What is Neurofibromatosis type 1?

Neurofibromatosis type 1 is one of the most common neurocutaneous disorders. It is a neurodevelopmental disorder affecting about 1 in 3000 individuals. 

It is inherited in an autosomal dominant fashion with near complete penetrance; however, it has variable expression. The NF1 gene is localized to chromosome 17 and mostly affects growth of Schwann cell and glial cell derived tissues both in the central and peripheral nervous system. 

The NF1 gene is a tumor suppressor gene; therefore, loss of function or expression due to a mutation leads to increase in cell proliferation resulting in development of glial tumors. Neurofibromas are the most common tumor in NF1 that often present in puberty and increase in number and size with age. Most are benign and rarely undergo malignant transformation. 

Common clinical findings on exam include café au lait spots, neurofibromas, Lisch nodules, and optic gliomas. MRI brain imaging may show T2 signal change in the subcortical region in addition to tumors, often call neurofibroma bright objects (NBOs). 

Other presenting symptoms may include cognitive dysfunction, pain in specific nerve distribution (usually due to presence of neurofibroma), seizures, changes in vision that may be related to optic gliomas, seizures from intracranial tumors, stenosis of major intracranial arteries leading to Moyamoya phenomenon, headaches, and progressive neurologic deficits.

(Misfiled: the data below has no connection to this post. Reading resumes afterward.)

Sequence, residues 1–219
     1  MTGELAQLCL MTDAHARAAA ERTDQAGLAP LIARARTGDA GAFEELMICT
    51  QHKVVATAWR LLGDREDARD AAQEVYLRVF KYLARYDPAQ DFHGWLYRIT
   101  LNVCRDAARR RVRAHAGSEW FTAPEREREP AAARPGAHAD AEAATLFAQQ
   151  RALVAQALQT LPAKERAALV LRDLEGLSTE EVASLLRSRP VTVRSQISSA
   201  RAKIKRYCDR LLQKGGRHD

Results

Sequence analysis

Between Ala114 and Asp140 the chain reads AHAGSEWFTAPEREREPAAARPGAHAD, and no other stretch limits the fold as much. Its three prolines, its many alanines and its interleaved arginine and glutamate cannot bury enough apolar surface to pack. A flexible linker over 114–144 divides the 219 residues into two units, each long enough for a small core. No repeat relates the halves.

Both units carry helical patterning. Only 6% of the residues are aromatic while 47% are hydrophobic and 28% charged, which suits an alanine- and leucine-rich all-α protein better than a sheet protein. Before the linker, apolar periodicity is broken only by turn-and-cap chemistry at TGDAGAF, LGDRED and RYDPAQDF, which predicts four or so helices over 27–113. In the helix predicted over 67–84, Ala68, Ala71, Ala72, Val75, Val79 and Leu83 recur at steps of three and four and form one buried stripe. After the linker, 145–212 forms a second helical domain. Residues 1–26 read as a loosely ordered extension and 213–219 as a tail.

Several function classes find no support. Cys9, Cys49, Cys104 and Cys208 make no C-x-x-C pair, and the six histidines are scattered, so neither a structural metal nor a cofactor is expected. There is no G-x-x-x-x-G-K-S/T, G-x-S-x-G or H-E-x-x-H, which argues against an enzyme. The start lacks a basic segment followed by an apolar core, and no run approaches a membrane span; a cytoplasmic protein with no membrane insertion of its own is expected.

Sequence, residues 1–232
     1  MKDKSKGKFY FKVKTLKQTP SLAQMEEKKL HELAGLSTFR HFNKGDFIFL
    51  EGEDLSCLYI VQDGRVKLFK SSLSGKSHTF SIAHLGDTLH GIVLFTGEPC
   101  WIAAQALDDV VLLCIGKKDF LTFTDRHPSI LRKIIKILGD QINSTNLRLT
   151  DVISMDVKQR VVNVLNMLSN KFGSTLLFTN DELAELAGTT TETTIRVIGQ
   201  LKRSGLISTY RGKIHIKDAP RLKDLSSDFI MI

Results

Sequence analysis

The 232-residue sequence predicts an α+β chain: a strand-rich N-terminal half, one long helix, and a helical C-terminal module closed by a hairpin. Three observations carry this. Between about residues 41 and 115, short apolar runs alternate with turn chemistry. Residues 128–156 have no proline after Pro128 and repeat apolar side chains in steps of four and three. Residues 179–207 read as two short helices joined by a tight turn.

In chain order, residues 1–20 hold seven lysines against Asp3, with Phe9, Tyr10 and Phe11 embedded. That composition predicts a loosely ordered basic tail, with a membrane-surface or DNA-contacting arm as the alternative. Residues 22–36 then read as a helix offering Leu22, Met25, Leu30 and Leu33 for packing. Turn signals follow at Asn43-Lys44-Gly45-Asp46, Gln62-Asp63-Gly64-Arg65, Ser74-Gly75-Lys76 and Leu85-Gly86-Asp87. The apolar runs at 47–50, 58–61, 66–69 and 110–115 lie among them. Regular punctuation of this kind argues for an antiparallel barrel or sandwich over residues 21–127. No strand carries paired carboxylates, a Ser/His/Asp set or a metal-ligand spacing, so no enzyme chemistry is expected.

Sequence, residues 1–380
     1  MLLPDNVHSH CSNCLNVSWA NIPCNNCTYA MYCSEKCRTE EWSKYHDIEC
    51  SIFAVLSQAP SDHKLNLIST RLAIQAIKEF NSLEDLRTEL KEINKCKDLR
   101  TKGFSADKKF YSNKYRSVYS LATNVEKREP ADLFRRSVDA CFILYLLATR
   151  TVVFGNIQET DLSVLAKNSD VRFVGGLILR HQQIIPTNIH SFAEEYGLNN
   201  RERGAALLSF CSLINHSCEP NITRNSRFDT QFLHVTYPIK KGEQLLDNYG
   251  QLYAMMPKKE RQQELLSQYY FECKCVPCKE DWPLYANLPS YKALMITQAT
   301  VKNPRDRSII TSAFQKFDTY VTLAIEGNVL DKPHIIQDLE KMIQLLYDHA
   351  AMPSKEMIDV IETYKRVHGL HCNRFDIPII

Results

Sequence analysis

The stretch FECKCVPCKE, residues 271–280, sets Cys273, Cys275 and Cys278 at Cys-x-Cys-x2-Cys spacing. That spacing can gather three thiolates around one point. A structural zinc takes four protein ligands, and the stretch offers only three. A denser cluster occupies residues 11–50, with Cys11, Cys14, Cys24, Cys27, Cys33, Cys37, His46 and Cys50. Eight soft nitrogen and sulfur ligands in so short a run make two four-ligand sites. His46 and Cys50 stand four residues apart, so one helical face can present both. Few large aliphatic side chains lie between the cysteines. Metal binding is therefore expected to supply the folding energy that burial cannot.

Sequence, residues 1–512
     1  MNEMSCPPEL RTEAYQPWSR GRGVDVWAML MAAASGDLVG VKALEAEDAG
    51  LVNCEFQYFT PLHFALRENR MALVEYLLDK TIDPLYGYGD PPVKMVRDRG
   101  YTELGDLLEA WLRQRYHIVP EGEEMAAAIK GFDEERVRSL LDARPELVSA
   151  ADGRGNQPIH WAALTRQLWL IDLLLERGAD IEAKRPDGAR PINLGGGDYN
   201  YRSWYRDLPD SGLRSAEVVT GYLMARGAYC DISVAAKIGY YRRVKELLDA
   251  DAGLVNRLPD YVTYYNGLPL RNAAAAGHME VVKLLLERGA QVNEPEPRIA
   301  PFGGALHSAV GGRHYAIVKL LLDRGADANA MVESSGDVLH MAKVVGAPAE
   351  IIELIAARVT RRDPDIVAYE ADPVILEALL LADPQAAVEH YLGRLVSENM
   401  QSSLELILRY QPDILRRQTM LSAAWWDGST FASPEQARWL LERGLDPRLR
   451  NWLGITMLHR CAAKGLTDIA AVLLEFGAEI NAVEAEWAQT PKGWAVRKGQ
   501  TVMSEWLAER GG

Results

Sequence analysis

Neurofibromatosis type 1 and Epilepsy

Epilepsy is seen in about 4 to 7% of patients with NF1. This is double the risk factor compared to the general population. The onset of epilepsy can occur at any age. 

Different seizure types and syndromes have been described in NF1. These include generalized onset seizures (tonic-clonic and atonic), as well as focal (partial) onset seizures with and without secondary generalization. Overall, the most common is focal onset seizures with or without secondary generalization. There is a higher prevalence of West syndrome (infantile spasms) and febrile seizures in patients with NF1 than the general population. 

EEGs are abnormal in about 25% of patients with NF1. The EEG findings can vary from normal to focal or multifocal spike waves, spike and slow spike wave complexes at 2 Hz consistent with Lennox-Gastaut syndrome, and even a hypsarrhythmia background. Focal abnormalities on EEG are the most common.